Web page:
Tom Nutile is President of TN Communications Group, a boutique communications firm that provides writing, editing, public relations, marketing, and crisis communications services. Current and former clients include Beth Israel Deaconess Medical Center, the MITRE Corp., Colette Phillips Communications and Baystone Development. Before launching TN Communications Group, he held positions as vice president or director of corporate communications for several Massachusetts corporations. Prior to going into corporate communications, Tom was a reporter, editor, columnist and bureau chief for newspapers along the East Coast, including the Boston Herald and the St. Petersburg Times.
Tom has served as Vice President of Public Relations, in charge of all public relations worldwide, for Staples. He was Director of Marketing for Harrington HealthCare System in Worcester County, where his responsibilities included advertising, fund-raising communications, public relations, and community relations. While at Harrington, he served on the Board of Directors of the Central Mass South Chamber of Commerce, was a member of the Advisory Board of ASPIRA of Massachusetts, the state branch of a national organization dedicated to developing the educational and leadership capacity of Hispanic youth and helped the Town of Southbridge develop its Master Plan.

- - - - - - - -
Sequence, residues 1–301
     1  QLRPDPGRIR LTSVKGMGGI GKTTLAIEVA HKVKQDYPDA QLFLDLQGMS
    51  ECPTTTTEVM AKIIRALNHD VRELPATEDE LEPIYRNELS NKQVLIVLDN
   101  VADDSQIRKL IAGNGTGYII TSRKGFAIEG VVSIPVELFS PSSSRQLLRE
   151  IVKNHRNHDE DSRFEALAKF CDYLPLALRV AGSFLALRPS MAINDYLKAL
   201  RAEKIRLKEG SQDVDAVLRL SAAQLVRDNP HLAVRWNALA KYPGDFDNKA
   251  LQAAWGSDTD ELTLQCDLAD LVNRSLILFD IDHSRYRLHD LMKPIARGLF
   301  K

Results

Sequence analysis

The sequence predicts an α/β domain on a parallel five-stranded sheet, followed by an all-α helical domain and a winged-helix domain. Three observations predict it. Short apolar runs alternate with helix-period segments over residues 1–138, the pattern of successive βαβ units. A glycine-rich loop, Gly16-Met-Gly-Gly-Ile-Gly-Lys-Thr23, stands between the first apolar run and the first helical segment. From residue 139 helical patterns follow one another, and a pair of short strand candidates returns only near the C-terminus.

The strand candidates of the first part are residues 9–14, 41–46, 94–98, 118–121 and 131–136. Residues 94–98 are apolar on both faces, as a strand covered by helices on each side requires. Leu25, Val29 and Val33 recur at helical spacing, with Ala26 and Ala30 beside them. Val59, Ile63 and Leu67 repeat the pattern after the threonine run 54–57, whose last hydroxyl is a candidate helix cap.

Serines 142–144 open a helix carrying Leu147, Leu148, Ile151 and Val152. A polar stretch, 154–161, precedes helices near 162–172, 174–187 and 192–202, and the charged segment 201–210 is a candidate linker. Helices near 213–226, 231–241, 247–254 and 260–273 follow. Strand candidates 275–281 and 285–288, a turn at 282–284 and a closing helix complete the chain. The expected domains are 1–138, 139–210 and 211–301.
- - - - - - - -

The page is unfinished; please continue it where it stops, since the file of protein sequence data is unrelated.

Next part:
When not working with clients of TN Communications Group, Tom is heavily involved in music. He leads the 17-piece Tom Nutile Big Band, plays in several other professional musical ensembles, and serves as on-air host at WICN, leading the Tuesday afternoon edition of Standard Time.
5 Questions with Tom Nutile
What brought you to hosting a show on WICN? Why do you love being on the air?
Playing and listening to jazz have been central to my life since I began learning the clarinet and saxophone in grade school in Needham in the 1960s and 70s. I devoured every book on jazz in the Needham Public Library (yes, I did; every single one) and listened to every jazz show I could find on the airwaves. I can’t explain exactly why, but good jazz is magic to me. It makes me feel alive, it moves me, it gives me hope, it makes me think. After embarking on a career in journalism up and down the East Coast, I moved back to Massachusetts and settled west of Boston in the 1990s. I was saddened to learn how few good jazz programs remained on the air. Then I discovered WICN.
I listened to WICN every chance I could, and when I launched the 17-piece Tom Nutile Big Band, I wound up promoting the band on-air at the station, on Joe Zupan’s show. One thing led to another, and I was asked to be a regular second-voice for fund drives on Howard Caplan’s Saturday Swing Session. Eventually, I became host of Standard Time on Tuesday afternoons. The two things I enjoy most in life are playing in and leading my big band, and hosting a jazz show on WICN…although not necessarily in that order.
What is your favorite WICN memory?
I love connecting with people, and keeping jazz and other great music alive, either on the air or in concert. So, my best memories are of representing WICN as the MC at live concerts and getting a chance, during breaks, to talk with all the concertgoers who love the station and tell me they make it “appointment radio.” In a similar vein, I get great pleasure when I receive an email from someone who tells me they were inspired by the music I played on the air, or learned something new about a favorite artist from my show commentary.
Here are the two best concerts I ever attended.